AMERICAN REVOLUTION 2 a film by HOWARD ALK & MIKE GRAY. WITH BOBBY LEE. 1969. USA. 75 min. A vérité account of democracy in crisis and those working to mend it.


Considering the seismic activity that shook America throughout the 1960s brought on by popular political, social, and cultural malcontent—of which the 1968 Democratic Convention could be considered an apogee—the general assumption that a second revolution was on the horizon was not far-flung. For filmmakers Howard Alk and Mike Gray, this societal shake-up became entirely palpable when documenting the formation of the unlikely alliance between the Illinois Black Panthers—helmed by Bobby Lee—and the Young Patriots, a poor Appalachian community living in Chicago’s uptown neighborhood, in their film American Revolution 2.


Alk and Gray were both part of a loose collective of Chicago-based filmmakers known as The Film Group. Their cinema was direct and sought out veracity to combat the omnipresent confusion of the 1960s. This yearning to understand how everyday citizens persisted or, in other cases, challenged government offenses dictates American Revolution 2’s form. The film gradually transitions from frenetic protest footage to more deliberate recordings, detailing civil debates between distinct political groups.



“The two [Black Panthers and Young Patriots] met, and the film, American Revolution 2  became the story of the Rainbow Coalition in Chicago, which was Appalachian whites, Puerto Ricans and Blacks. The Coalition frightened official Chicago enormously.” HOWARD ALK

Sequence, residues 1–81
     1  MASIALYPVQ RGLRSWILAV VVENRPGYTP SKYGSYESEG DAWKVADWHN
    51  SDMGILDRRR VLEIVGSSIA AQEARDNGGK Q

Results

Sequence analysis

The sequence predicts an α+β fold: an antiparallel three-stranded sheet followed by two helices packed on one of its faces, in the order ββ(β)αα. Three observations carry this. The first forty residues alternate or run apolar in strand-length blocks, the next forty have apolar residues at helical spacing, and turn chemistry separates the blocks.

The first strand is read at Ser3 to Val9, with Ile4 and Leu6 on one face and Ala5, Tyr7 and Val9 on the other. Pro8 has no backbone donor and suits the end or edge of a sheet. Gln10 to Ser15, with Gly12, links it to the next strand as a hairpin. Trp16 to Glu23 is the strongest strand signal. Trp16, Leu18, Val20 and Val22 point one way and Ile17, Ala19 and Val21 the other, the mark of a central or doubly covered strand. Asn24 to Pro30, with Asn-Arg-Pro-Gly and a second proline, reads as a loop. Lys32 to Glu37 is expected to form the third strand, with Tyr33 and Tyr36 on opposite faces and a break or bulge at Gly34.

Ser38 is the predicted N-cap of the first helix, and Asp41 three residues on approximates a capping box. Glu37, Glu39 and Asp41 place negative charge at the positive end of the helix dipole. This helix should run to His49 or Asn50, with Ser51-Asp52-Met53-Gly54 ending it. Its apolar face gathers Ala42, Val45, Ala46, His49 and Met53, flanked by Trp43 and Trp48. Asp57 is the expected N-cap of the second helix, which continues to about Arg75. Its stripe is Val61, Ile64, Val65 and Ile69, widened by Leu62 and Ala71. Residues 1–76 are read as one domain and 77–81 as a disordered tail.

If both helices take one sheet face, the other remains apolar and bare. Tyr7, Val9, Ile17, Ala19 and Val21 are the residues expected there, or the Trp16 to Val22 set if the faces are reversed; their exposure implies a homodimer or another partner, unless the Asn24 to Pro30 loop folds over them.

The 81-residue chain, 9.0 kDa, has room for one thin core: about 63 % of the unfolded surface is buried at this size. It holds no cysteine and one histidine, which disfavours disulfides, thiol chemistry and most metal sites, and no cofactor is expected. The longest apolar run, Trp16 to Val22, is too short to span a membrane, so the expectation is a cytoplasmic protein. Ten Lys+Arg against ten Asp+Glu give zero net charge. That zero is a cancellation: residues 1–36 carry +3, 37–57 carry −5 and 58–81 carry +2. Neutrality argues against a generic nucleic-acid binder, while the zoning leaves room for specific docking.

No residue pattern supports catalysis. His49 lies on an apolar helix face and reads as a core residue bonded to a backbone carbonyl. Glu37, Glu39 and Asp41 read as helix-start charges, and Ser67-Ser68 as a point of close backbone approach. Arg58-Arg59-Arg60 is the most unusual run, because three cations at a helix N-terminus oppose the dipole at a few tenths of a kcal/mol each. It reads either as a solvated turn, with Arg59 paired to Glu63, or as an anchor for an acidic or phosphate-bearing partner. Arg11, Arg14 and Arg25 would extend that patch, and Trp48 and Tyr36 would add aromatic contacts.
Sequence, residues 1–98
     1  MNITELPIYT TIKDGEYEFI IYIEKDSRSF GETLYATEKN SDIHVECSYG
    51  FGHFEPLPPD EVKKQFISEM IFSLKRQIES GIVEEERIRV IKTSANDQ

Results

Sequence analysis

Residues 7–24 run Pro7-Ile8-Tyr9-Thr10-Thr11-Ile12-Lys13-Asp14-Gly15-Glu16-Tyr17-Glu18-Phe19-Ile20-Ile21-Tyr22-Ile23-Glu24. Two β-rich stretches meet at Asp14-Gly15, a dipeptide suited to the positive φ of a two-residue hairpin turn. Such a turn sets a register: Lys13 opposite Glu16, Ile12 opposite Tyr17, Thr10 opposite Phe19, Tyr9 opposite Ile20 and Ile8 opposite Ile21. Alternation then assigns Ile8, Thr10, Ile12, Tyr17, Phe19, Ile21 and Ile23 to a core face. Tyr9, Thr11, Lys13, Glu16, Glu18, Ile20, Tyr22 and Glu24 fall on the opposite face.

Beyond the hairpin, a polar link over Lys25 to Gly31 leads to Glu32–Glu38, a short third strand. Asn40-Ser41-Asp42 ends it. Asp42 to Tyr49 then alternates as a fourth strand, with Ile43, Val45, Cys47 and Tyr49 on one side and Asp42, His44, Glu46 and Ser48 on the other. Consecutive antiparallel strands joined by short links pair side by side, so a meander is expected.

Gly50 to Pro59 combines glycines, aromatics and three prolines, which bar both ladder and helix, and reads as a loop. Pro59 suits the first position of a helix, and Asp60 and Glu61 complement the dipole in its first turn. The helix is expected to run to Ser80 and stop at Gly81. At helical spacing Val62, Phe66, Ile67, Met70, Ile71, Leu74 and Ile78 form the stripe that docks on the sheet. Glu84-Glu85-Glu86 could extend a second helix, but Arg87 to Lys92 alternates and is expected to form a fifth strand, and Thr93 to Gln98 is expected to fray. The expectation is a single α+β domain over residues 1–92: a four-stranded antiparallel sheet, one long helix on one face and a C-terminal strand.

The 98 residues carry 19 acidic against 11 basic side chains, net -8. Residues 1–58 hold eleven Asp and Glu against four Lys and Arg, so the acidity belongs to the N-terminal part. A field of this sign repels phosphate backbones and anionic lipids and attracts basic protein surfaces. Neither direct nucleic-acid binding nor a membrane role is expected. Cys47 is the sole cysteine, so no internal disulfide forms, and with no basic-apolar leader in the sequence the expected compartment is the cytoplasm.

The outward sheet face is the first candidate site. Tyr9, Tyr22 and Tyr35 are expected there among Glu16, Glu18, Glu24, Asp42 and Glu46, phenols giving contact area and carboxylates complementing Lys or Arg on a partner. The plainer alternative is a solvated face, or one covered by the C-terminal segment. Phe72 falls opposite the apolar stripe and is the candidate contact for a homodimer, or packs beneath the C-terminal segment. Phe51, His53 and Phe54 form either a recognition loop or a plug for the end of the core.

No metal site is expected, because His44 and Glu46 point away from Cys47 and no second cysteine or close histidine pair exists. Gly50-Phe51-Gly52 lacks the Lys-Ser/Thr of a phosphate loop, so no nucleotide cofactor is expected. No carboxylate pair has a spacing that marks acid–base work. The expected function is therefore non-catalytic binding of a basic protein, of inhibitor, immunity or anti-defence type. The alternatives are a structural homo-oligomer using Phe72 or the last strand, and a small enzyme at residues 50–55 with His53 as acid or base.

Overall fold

According to Alk, “American Revolution 2 did very well critically, but very badly theatrically.” (This was partly due to Mayor Daley strong-arming the Screen Projectors Union into not showing the film, but more on this later.) Yet, its impact was not small. The film was one of the first to receive a four-star review from a young Roger Ebert working at the Chicago Sun-Times; was lugged and shown around Europe by Jean-Luc Godard; prompted a response film from the police titled What Trees Do They Plant?; and premiered at the Playboy Theater in April, 1969, after Hugh Hefner heard of Mayor Daley’s action to suppress it. Alk and Gray’s account of the Rainbow Coalition’s genesis combines the fuel and the fire of a burgeoning revolution, marked by cogent political arguments and honest depictions of daily struggle.


Members of The Film Group Howard Alk and Mike Gray were both firebrand filmmakers in their own right. Prior to his work with The Film Group, Alk co-founded The Second City theater troupe, collaborated with D.A. Pennebaker on Don’t Look Back and Festival, and edited the bohemian opus You Are What You Eat. He followed up American Revolution 2 with The Murder of Fred Hampton, an account of the eponymous Illinois Black Panther Party leader and his murder at the hands of the Chicago Police Department, and several projects involving counterculture musical icons such as Janis, a documentary about Janis Joplin that earned him a nomination for Best Documentary Film at the Golden Globes in 1975. Gray, who worked on over fifty film and television projects with Alk, eventually moved to Hollywood where he wrote the Palme d’Or nominee The China Syndrome, directed the alien-conspiracy-thriller Wavelength, and produced multiple episodes of Star Trek: The New Generation.


Text written by Nicolas Pedrero-Setzer. American Revolution 2 is provided by The Chicago Film Archives. Special thanks to Mickey Gral.